The input of the De Rauw-Sablon pigeons brought us more long distance blood and matched really well onto our old strain. We also went to get some pigeons with specific long distance blood and crossed them in with our own pigeons (in risking to forget some people we speak about Luc Van Coppenolle, Wilson Dekens, Guy and Roland Nihoul, …).
But the other way around we also like to cross in real short distance pigeons in our strain. When these pigeons have the quality to go further we also try this. This is how super hen ‘Morgane’ (Luc Vanaelst) was a typical middle distance pigeon, but also had the quality of a long distance pigeon, she just wasn’t raced that distance. Her off spring clearly proved that they could handle the kilometres. From Sylvain Verhestraeten – Herentals we have ‘Chanel nr 1’. This hen grew out to be in a short period of time one of our best breeding hens.
We did also determine that the typical extreme long distance pigeon (900 km and up) is a pigeon that we don’t really are ambitious for. These pigeons are strongly different from a long distance pigeon (the pigeons that want to reach their loft no matter what the same day of releasing). We tried this but don’t want to focus too much on it. To race Perpignan on a top level is possible and we did proof this the past few years.
Do you inbreed ?
F & J : We don’t like to call it inbred, call it rather strain-inbred. We do this during the summer period where we have a few breeding tests with our best pigeons. If we have healthy pigeons out of this breeding with marks from the parents than we dare to keep them, but this is rather an exception then a rule.
Don’t forget that our selection norm is set really high. An analyse of the former years learned us that 10% of the hens and 20% of the cocks is still present after one year. The percentage of the cocks is a bit higher as we have a bit more patience with them with our eye on a later long distance career. We breed a lot, we like to race with a lot of pigeons but at the end of the season our goal is very high for those who can go to the racing team of the coming year. As we only select on results we hardly change this.
How is the care of the breeding pigeons?
F & J : The breeding pigeons have to be strong from nature and are being kept as close as possible to nature. The principle is that breeding pigeons don’t get any supplements aside good food and water. The only exception on this is garlic juice in the drinking pot and a lot of grit and minerals. There is always a bucket of water with garlic standing ready. We scoop out of this bucket to fill up the drinking pots. The bucket will be refilled with water and the garlic can do its job again with the water. We aren’t naïve! The breeding pigeons are being looked at medically on a regular base, but always preventive never reactive.
Do you believe in artificial fertilizing?
F & J : We don’t have any experience with this and don’t have any plans to do this. We are real pigeon lovers and like that the pigeon lead an as natural live as possible. Especially breeding pigeons need to feel at ease and at home so they can breed in a safe and quiet way. We don’t make any statements which is better or worse, but we just don’t have any experience with it.
Conclusive we can describe our breeding vision as ‘good x good’ and as close as possible to nature. We are aware that it is a human good to possess such a breeding loft. It brings us satisfaction each day again to see these pigeons, take them in our hands and have the luxury to choose which provincial, national winner, ace bird and so on…we can couple against each other. We do understand that good pigeons are being sold, but that is no goal for us. We also saw that less ‘garbage’ is being bred. By pushing our goals higher and higher, the quality of the pigeons also increases. Nevertheless we also have our exceptions, this is how our best long distance pigeon ‘Olympic Tygo’ is everything but a nice pigeon by hand, but he races like hell! As you see, nature doesn’t take any orders.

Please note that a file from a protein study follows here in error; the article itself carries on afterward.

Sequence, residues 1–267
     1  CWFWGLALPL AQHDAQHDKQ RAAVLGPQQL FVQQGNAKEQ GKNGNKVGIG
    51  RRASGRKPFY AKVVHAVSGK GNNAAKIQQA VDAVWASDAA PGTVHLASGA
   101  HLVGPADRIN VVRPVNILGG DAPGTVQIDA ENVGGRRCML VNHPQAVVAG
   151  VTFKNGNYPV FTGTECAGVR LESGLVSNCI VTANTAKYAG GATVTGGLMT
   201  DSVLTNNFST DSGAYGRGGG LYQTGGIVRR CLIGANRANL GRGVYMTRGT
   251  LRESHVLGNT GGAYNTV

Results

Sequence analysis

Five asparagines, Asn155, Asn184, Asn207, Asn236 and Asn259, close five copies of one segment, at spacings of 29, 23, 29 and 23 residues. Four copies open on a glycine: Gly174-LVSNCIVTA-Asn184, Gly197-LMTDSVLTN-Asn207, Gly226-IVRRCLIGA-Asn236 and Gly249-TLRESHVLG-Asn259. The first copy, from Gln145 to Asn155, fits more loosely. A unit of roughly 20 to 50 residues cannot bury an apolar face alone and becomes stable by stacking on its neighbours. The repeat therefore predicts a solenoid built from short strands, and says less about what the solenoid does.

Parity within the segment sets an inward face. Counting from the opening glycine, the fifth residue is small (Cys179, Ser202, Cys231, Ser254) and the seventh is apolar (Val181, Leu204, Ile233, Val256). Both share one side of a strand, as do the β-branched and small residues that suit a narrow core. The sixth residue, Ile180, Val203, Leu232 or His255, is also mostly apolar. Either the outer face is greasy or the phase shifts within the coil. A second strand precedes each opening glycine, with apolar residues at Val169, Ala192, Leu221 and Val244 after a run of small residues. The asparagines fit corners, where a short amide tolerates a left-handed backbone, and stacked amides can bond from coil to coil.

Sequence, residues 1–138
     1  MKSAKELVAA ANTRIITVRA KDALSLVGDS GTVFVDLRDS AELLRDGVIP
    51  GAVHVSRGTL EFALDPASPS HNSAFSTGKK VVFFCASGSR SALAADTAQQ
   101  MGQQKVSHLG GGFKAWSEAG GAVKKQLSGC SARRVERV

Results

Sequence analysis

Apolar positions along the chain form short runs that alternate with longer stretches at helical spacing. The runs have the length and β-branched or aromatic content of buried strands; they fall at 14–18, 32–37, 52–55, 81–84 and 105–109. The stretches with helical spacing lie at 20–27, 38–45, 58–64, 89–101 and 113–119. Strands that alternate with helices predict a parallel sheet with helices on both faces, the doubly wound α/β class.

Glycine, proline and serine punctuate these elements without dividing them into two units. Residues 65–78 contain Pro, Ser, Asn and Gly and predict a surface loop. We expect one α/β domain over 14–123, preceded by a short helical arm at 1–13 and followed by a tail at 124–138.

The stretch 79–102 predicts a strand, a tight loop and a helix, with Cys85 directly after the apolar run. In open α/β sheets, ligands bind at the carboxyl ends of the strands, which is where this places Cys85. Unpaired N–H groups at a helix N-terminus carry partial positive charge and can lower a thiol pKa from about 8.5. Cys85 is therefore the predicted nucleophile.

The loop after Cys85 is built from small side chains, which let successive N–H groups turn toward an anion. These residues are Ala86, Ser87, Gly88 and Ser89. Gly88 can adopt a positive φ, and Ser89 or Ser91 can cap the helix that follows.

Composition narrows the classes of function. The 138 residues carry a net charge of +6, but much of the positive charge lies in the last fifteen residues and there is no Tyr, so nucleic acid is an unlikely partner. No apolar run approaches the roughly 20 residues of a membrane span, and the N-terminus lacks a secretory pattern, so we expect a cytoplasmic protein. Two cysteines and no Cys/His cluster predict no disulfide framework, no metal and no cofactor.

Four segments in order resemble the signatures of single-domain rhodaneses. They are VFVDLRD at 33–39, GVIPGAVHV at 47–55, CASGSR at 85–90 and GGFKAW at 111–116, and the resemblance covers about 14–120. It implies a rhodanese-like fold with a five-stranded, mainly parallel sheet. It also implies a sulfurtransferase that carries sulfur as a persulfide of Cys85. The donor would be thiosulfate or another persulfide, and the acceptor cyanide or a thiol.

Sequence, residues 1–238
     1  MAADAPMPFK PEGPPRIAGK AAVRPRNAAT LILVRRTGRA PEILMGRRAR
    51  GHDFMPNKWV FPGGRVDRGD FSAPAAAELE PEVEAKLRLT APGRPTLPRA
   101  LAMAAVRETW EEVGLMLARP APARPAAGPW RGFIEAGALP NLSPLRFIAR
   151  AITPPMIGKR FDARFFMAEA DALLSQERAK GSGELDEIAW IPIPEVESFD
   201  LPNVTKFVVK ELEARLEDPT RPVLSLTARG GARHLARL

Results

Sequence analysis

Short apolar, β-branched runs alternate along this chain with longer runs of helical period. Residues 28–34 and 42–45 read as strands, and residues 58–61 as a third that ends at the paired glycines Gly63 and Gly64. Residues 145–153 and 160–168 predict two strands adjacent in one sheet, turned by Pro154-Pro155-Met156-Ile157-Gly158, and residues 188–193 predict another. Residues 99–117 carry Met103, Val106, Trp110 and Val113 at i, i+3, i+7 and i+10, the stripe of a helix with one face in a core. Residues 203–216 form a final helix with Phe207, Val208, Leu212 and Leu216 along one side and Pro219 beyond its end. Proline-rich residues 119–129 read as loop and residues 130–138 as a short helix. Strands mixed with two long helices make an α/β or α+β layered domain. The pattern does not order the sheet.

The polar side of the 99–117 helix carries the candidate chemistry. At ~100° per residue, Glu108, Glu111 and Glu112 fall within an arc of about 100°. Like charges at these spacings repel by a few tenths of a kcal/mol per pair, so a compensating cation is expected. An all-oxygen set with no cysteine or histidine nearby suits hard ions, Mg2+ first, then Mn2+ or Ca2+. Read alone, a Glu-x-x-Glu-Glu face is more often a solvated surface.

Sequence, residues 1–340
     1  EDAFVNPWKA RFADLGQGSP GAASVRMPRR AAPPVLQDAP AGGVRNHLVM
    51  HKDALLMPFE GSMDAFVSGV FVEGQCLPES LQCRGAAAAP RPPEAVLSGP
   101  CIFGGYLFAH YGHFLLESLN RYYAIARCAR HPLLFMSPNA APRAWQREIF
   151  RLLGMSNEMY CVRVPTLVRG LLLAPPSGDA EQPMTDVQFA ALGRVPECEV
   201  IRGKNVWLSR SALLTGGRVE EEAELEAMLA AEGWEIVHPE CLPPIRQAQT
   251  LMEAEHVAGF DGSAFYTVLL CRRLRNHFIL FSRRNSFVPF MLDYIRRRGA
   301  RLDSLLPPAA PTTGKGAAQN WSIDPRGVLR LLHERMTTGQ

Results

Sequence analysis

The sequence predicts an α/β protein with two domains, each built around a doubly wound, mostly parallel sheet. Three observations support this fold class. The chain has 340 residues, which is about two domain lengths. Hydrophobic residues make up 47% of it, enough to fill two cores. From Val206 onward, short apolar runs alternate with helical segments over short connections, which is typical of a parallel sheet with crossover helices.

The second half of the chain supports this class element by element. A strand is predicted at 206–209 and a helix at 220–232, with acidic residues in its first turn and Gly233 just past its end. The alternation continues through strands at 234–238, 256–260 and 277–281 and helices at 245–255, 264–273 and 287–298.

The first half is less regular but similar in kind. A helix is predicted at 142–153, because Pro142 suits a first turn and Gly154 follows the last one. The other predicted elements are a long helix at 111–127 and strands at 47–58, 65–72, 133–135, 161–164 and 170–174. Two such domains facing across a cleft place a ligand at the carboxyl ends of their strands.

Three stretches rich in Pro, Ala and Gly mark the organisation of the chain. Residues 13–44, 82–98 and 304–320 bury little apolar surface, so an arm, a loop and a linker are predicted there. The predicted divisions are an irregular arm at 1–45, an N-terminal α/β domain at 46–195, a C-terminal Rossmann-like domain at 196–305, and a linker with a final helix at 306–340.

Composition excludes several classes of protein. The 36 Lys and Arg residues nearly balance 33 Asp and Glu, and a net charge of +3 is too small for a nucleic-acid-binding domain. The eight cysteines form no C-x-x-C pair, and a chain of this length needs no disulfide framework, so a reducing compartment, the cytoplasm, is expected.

How big is your racing team for year birds, widow cocks, widow hens?
F & J : We take of the season with 120 cocks on widowhood (30 old cocks and 90 year birds) and 80 hens on widowhood. That is a big team, but we like to race with many pigeons and it isn’t too much for us to take care of such a big team and to take on the management of them. Despite the amount we don’t make use of the chaos system nor total widowhood. This means that for each of these 200 pigeons we have a home staying partner. We really believe in the classic widowhood and get the best results with this system.
We do believe that some forms of total widowhood where both partners go into the basket can make top results for a while, but we choose not to do this and won’t do this in the near future. What these things are concerned we are conservative racers, but our results say that the motivation for the racing pigeons hold the entire season like this.
Running such a colony asks for a tight organization, how does this work?
F & J : The widow cocks only breed before the season starts of and are being trained in April. The goal for the old pigeons is as start the 1st long distance race from Limoges, the year birds likewise in timing but a heavy middle distance race as start. Goal is that the old pigeons take on 6 long distance races.
We mainly take on a regime whereby pigeons race 2 weeks after each other and get one week rest. We also adjust the training regime on to this. This is how the pigeons who go to a race train twice a day, the team that is in their resting week only train once a day.
This has two reasons namely for one it is a form of building up the racing rhythm towards the race and two the practical issue that a day doesn’t have enough hours to train each team (widow cocks, hens, young birds, …). We organized ourselves in this way that pigeons have to adjust to our approach and not the other way around. We determine the schedule, rhythm, attitude and the ones who don’t fit in go out. By the amount of pigeons we have it is with the consequence that we know the drop-outs rather quickly and that we can afford ourselves to take one or two out. Without a doubt we already took out good pigeons this way, but probably even more bad ones…
After the training the pigeons are called in with peanuts, not because of the peanuts but for the fact that this is a real easy way to call in a team in short notice of time so the next team can go out to train.